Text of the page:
Written by Laura Hamlett Wednesday, 29 November 2006 04:17
Devine bares his political teeth on "The Burning City Sweet," opening with "Forty million refugees with no place on this earth to call home" before revealing America's secret weapon: "Atlas had those shoulders/ we've got Ambien and Jamison's and blow."
Written by Laura Hamlett Wednesday, 29 November 2006 04:05
If the aim of an EP is to whet appetites for more, then this self-titled disc has certainly done its job, and more. I can't wait to catch the live show.
Written by Laura Hamlett Wednesday, 29 November 2006 03:25
It's always about a feeling, isn't it? If you feel something is not right, you don't do it. And if something feels right and someone puts a great idea forward, then you embrace it and you try and make it your own; you develop it. With the music side of things, we all write songs anyways, so we all know how a song works, 'cause we all know how a good song sounds and ways to reach it up a bit.
Written by Laura Hamlett Wednesday, 29 November 2006 02:54
"Personally, I think if you're a person that is driven to do something, it's often impossible to describe why. I just know that I wake up every day with my stomach nervous and my hands jittery. I can't turn off the drive to write songs and play music. Ridiculous as it may be, that's how it is."
Written by Joe O'Fallon Sunday, 26 November 2006 15:16
After the amazing "When You're Not Around," Boyskout tackles "The Model" from Kraftwerk's album The Man-Machine, to good result. Boyskout manages to stay true to the song's original instrumentation, while at the same time bringing it up to date by decreasing the role of Kraftwerk's synthesizer.
Written by Brian McClelland Friday, 24 November 2006 16:00
"Marriage dealt with a crumbling relationship and all of the depression, resignation, and quiet hope that consumes you in that situation. Most of the writing on Empathy is coming out of [singer/guitarist Joey Lemon's] first year of a Masters in Counseling program."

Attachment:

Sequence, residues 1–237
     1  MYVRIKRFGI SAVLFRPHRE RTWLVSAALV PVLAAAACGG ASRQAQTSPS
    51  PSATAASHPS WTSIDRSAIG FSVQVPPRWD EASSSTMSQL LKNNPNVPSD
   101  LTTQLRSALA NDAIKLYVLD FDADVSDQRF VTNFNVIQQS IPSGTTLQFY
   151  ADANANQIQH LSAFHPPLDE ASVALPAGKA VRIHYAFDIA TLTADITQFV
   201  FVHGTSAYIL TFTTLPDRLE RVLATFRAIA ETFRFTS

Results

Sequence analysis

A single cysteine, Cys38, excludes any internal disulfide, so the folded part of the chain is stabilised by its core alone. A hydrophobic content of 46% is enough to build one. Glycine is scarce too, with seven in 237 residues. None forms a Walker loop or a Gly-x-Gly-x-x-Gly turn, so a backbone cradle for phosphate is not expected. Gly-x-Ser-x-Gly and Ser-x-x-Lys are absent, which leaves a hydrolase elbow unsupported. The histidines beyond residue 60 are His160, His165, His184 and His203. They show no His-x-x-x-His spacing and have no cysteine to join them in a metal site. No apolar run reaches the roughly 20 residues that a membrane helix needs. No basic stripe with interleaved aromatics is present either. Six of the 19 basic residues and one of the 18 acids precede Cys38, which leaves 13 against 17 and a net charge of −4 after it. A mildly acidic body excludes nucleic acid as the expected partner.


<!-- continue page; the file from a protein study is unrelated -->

Written by Jason Green Sunday, 19 November 2006 09:45
Rarely do albums come more generic and underwhelming than this New Jersey group's debut.
Written by Kaylen Hoffman Sunday, 19 November 2006 09:38
Some of their music is reminiscent of the soundtrack from O Brother Where Art Thou?: there's a more rootsy substance lurking behind the Strokes-esque lyrics and Jeff Buckley-like wailings.
Sunday, 12 November 2006 17:00
Harvey had some 60 songs to choose from and the collection is fairly balanced, offering listeners a chance to hear her perform live versions of album and unreleased cuts as well as the classic "Wang Dang Doodle."
Written by Jeremy Goldmeier Saturday, 11 November 2006 08:55
If Colin Meloy serves as the director, playwright, and lead performer of the Portland, Ore.-based Decemberists' jolly troupe, then the crack team of instrumentalists that backs him up must be the criminally underappreciated group of techies.
Written by David Lichius Saturday, 11 November 2006 08:45
With a sprawling nature in both length and sound, Isis has created a bridge between those who wouldn't touch anything metal and those who would avoid any record that sniffs of indie.